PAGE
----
seaborgium

[ see-bawr-gee-uhm, see-bawr- ]
/ siˈbɔr gi əm, ˈsi bɔr- /

noun Chemistry, Physics.

a superheavy, synthetic, radioactive element with a very short half-life. Symbol: Sg; atomic number: 106.

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Formerly un·nil·hex·i·um [yoo-nil-hek-see-uhm] /ˌyu nɪlˈhɛk si əm/ , el·e·ment 106 .

Origin of seaborgium

Named after U.S. chemist Glenn T. Seaborg; see -ium. Its former name, unnilhexium, is from Latin ūn(us) “one” + nīl “nothing” + Greek héx “six” + New Latin -ium; see origin at one, six, -ium
Dictionary.com Unabridged Based on the Random House Unabridged Dictionary, © Random House, Inc. 2020

British Dictionary definitions for seaborgium

seaborgium
/ (ˈsiːbɔːɡɪəm) /

noun

a synthetic transuranic element, synthesized and identified in 1974. Symbol: Sg; atomic no: 106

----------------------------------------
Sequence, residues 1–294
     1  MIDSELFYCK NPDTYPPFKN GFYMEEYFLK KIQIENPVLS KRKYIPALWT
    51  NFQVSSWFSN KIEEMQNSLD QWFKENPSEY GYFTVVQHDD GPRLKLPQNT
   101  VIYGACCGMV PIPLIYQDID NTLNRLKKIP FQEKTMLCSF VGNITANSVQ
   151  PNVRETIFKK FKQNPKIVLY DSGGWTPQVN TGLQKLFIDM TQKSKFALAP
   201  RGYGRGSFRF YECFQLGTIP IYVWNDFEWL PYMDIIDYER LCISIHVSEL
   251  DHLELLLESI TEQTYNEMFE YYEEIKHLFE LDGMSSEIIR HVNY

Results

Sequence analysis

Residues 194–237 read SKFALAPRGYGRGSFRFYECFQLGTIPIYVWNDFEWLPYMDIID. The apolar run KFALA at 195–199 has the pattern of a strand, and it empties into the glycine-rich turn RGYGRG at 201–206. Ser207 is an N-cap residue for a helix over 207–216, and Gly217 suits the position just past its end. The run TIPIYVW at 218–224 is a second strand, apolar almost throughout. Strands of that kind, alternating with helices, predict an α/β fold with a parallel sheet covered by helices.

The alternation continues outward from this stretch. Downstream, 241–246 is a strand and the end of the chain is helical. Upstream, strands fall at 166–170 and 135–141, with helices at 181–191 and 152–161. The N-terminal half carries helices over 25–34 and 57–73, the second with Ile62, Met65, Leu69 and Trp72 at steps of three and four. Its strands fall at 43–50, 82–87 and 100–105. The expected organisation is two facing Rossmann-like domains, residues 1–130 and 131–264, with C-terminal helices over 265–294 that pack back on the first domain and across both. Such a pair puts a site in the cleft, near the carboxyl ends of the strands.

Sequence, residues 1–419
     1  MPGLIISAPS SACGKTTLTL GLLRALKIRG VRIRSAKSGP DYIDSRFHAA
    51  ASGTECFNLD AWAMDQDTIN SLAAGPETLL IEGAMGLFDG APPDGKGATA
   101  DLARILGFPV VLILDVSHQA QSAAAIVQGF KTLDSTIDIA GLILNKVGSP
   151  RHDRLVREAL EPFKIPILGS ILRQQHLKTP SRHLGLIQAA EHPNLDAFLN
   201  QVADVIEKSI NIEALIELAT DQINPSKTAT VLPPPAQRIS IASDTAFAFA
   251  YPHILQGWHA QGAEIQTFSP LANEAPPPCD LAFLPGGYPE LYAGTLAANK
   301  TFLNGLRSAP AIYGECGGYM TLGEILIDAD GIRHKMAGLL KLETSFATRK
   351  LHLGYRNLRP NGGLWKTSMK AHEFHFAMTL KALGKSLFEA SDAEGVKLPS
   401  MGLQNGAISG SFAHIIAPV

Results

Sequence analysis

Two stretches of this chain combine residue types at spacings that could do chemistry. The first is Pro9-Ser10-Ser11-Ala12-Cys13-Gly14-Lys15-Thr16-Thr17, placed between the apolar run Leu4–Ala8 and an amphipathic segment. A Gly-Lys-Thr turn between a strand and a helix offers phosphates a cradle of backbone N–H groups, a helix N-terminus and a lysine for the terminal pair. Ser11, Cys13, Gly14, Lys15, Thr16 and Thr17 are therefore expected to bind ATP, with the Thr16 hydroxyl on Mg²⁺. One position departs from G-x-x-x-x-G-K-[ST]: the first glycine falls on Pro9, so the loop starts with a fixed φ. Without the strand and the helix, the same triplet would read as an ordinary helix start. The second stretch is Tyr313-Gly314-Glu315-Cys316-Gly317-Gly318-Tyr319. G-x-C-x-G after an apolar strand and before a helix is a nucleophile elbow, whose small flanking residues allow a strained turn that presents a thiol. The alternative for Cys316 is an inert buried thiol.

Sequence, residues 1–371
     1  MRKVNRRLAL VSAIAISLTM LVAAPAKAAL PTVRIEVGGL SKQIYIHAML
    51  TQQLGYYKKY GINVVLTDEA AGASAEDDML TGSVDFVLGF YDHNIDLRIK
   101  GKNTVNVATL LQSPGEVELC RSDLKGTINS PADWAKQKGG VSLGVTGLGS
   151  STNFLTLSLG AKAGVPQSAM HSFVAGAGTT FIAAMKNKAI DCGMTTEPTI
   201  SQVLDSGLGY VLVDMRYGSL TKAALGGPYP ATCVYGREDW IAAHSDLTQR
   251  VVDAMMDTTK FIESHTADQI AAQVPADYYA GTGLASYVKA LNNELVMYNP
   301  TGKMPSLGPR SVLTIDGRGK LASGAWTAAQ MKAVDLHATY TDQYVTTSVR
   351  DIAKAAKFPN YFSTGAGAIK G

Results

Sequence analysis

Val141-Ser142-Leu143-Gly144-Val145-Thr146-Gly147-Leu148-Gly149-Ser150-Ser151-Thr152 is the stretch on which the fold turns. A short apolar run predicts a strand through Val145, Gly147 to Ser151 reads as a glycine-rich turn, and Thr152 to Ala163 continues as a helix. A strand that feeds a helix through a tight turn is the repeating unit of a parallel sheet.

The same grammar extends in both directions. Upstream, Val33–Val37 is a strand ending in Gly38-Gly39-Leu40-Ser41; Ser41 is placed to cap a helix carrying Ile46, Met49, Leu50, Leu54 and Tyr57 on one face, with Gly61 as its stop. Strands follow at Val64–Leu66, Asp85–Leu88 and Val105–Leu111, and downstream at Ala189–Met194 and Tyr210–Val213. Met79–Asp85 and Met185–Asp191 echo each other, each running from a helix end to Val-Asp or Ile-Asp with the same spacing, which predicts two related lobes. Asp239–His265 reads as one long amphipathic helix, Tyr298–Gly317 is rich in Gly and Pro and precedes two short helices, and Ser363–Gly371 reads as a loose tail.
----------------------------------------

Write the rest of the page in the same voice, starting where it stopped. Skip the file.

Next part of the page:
Word Origin for seaborgium

C20: named after Glenn Seaborg
Collins English Dictionary - Complete & Unabridged 2012 Digital Edition © William Collins Sons & Co. Ltd. 1979, 1986 © HarperCollins Publishers 1998, 2000, 2003, 2005, 2006, 2007, 2009, 2012

Medical definitions for seaborgium

seaborgium
[ sē-bôrgē-əm ]

n. Symbol Sg

A radioactive synthetic element whose longest-lived isotopes have mass numbers of 259, 261, 263, 265, and 266 with half-lives of 0.9, 0.23, 0.8, 16, and 20 seconds. Atomic number 106.
The American Heritage® Stedman's Medical Dictionary Copyright © 2002, 2001, 1995 by Houghton Mifflin Company. Published by Houghton Mifflin Company.

Scientific definitions for seaborgium

seaborgium
[ sē-bôrgē-əm ]

Sg

A synthetic, radioactive element that is produced by bombarding californium with oxygen ions or bombarding lead with chromium ions. Its most long-lived isotopes have mass numbers 259, 261, 263, 265, and 266 with half-lives of 0.9, 0.23, 0.8, 16, and 20 seconds, respectively. Atomic number 106. See Periodic Table.
The American Heritage® Science Dictionary Copyright © 2011. Published by Houghton Mifflin Harcourt Publishing Company. All rights reserved.